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Summation of series using method of difference

  • Thread starter hhm28
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  • #1
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Homework Statement


Here's my question. My school recently taught me finding summation using method of difference and what my teacher taught was just involving 2 partial fractions.

But this question appeared in my exercise given by my teacher.

r th term: (2r-1)/r(r+1)(r+2). Find summation of n th terms begin with r=1.

Can someone show me how to solve this using method of difference?


2. The attempt at a solution
What I got is sum (- 1/2r + 3/r+1 - 5/2(r+2) ).

And I stucked. What I used to know is r th term is f(r) - f(r-1). and sum of rth term is f(n)- f(0).
I cant get the f(r) - f(r-1) either because -1/2r and -5/2(r+2) both having the same sign.
 

Answers and Replies

  • #2
tiny-tim
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welcome to pf!

hi hhm28! welcome to pf! :smile:
r th term: (2r-1)/r(r+1)(r+2). Find summation of n th terms begin with r=1.
might be easier to split it up first

for example 2/(r+1)(r+2) - 1/r(r+1)(r+2) :wink:
 
  • #3
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This did help me. But the problem is i stucked somewhere.

I got sigma -[(2/r+2) - (3/r+1) + (1/2r+2) + (1/2r)] and I stucked.

I should've make it into f(r)-f(r-1). =( I'm stupid Argh....

Can you show me how? Perhaps upload a photo. LOL
 
  • #4
tiny-tim
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hint: how would you do ∑ 1/r(r+1) ?

use the same method for ∑ 1/r(r+1)(r+2) :smile:
 
  • #5
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LOL. Thats the problem. I only know how to solve f(r) - f(r-1).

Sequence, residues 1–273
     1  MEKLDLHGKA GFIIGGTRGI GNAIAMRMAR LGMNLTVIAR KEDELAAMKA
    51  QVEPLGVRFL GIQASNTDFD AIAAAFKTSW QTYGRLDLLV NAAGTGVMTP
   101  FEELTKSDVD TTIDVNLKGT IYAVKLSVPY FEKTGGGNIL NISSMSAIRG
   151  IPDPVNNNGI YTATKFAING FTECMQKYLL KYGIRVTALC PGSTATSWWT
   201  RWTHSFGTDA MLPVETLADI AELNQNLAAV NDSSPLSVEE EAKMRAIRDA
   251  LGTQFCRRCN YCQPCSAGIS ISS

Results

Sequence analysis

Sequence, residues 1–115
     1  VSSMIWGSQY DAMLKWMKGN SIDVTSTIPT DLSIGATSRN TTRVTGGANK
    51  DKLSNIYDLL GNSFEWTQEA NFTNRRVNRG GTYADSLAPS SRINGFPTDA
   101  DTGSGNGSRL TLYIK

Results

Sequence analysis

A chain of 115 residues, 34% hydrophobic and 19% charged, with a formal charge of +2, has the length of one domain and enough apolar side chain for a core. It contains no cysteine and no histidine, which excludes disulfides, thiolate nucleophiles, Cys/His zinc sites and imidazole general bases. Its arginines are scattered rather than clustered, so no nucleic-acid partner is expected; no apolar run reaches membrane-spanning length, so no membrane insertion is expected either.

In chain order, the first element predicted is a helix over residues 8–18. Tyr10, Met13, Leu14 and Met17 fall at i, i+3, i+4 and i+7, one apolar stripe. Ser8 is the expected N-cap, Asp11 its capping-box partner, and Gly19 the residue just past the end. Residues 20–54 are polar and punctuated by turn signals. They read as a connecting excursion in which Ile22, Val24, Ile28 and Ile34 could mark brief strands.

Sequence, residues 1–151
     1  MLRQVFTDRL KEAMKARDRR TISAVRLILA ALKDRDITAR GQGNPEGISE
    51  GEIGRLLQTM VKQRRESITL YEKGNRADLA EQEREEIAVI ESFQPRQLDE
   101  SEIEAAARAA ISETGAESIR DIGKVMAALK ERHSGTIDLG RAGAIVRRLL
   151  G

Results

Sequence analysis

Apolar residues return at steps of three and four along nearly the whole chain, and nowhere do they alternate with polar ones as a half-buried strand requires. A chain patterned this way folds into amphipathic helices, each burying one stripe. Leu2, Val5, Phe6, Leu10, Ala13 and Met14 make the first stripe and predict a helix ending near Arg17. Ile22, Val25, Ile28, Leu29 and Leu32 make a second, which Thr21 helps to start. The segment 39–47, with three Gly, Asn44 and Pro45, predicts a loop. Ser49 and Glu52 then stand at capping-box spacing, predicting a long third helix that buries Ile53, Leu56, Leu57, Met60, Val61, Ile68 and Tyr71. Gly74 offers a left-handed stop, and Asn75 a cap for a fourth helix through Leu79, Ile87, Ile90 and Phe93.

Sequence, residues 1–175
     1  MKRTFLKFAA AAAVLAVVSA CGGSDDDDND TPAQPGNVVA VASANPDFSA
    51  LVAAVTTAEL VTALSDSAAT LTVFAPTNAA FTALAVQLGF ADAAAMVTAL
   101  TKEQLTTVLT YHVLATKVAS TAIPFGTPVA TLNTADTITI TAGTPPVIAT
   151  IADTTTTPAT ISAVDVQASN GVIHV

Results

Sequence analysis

Now there is 3 partial fractions. But with 2/(r+1)(r+2) - 1/r(r+1)(r+2), i managed to get ∑ -[(2/r+2) - (3/r+1) + (1/2r+2) + (1/2r)].
 
  • #6
tiny-tim
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ok, so how would you do ∑ 1/r(r+1) ? :smile:
 
  • #7
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1/r(r+1) = (1/r) - (1/r+1)

∑ 1/r(r+1) = ∑ (1/r) - (1/r+1)
= -∑ [(1/r+1) -(1/r)]

Let f(r)= 1/ r+1 , f(r-1)= 1/r
∑ 1/r(r+1) = -∑ f(r) - f(r-1)
= - [f(n) - f(0)]
= - [(1/n+1) - 1]
= n/n+1
 
  • #8
tiny-tim
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1/r(r+1) = (1/r) - (1/r+1)
ok, now do the same for ∑ 1/r(r+1)(r+2) :smile:
 
  • #9
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∑1/r(r+1)(r+2) = ∑1/2r - 1/(r+1) + 1/2(r+2)

How do i continue? the 1/(r+1) is disrupting. =(
 
  • #10
tiny-tim
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∑1/r(r+1)(r+2) = ∑1/2r - 1/(r+1) + 1/2(r+2)
no, try double fractions like 1/r(r+1) :wink:
 
  • #11
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means that A/r(r+1) + B/(r+2) to get partial?
 
  • #12
tiny-tim
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A/r(r+1) + B/(r+1)(r+2) :smile:
 
  • #13
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Gosh. I never learned that =(
 
  • #14
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Thank you so much anywhere. =)
 
  • #15
vela
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Homework Statement


Here's my question. My school recently taught me finding summation using method of difference and what my teacher taught was just involving 2 partial fractions.

But this question appeared in my exercise given by my teacher.

r th term: (2r-1)/r(r+1)(r+2). Find summation of n th terms begin with r=1.

Can someone show me how to solve this using method of difference?


2. The attempt at a solution
What I got is sum (- 1/2r + 3/r+1 - 5/2(r+2) ).

And I stucked. What I used to know is r th term is f(r) - f(r-1). and sum of rth term is f(n)- f(0).
I cant get the f(r) - f(r-1) either because -1/2r and -5/2(r+2) both having the same sign.
Good start. Try writing out the first few terms:

r=1: ##-\frac{1}{2}\left(\frac{1}{1}\right) + 3\left(\frac{1}{2}\right) - \frac{5}{2}\left(\frac{1}{3}\right)##

r=2: ##-\frac{1}{2}\left(\frac{1}{2}\right) + 3\left(\frac{1}{3}\right) - \frac{5}{2}\left(\frac{1}{4}\right)##

r=3: ##-\frac{1}{2}\left(\frac{1}{3}\right) + 3\left(\frac{1}{4}\right) - \frac{5}{2}\left(\frac{1}{5}\right)##

r=4: ##-\frac{1}{2}\left(\frac{1}{4}\right) + 3\left(\frac{1}{5}\right) - \frac{5}{2}\left(\frac{1}{6}\right)##

r=5: ##-\frac{1}{2}\left(\frac{1}{5}\right) + 3\left(\frac{1}{6}\right) - \frac{5}{2}\left(\frac{1}{7}\right)##

Now look at the pieces with (1/3) (or (1/4) or (1/5)). Can you see a pattern to how the various parts cancel?
 
Last edited:

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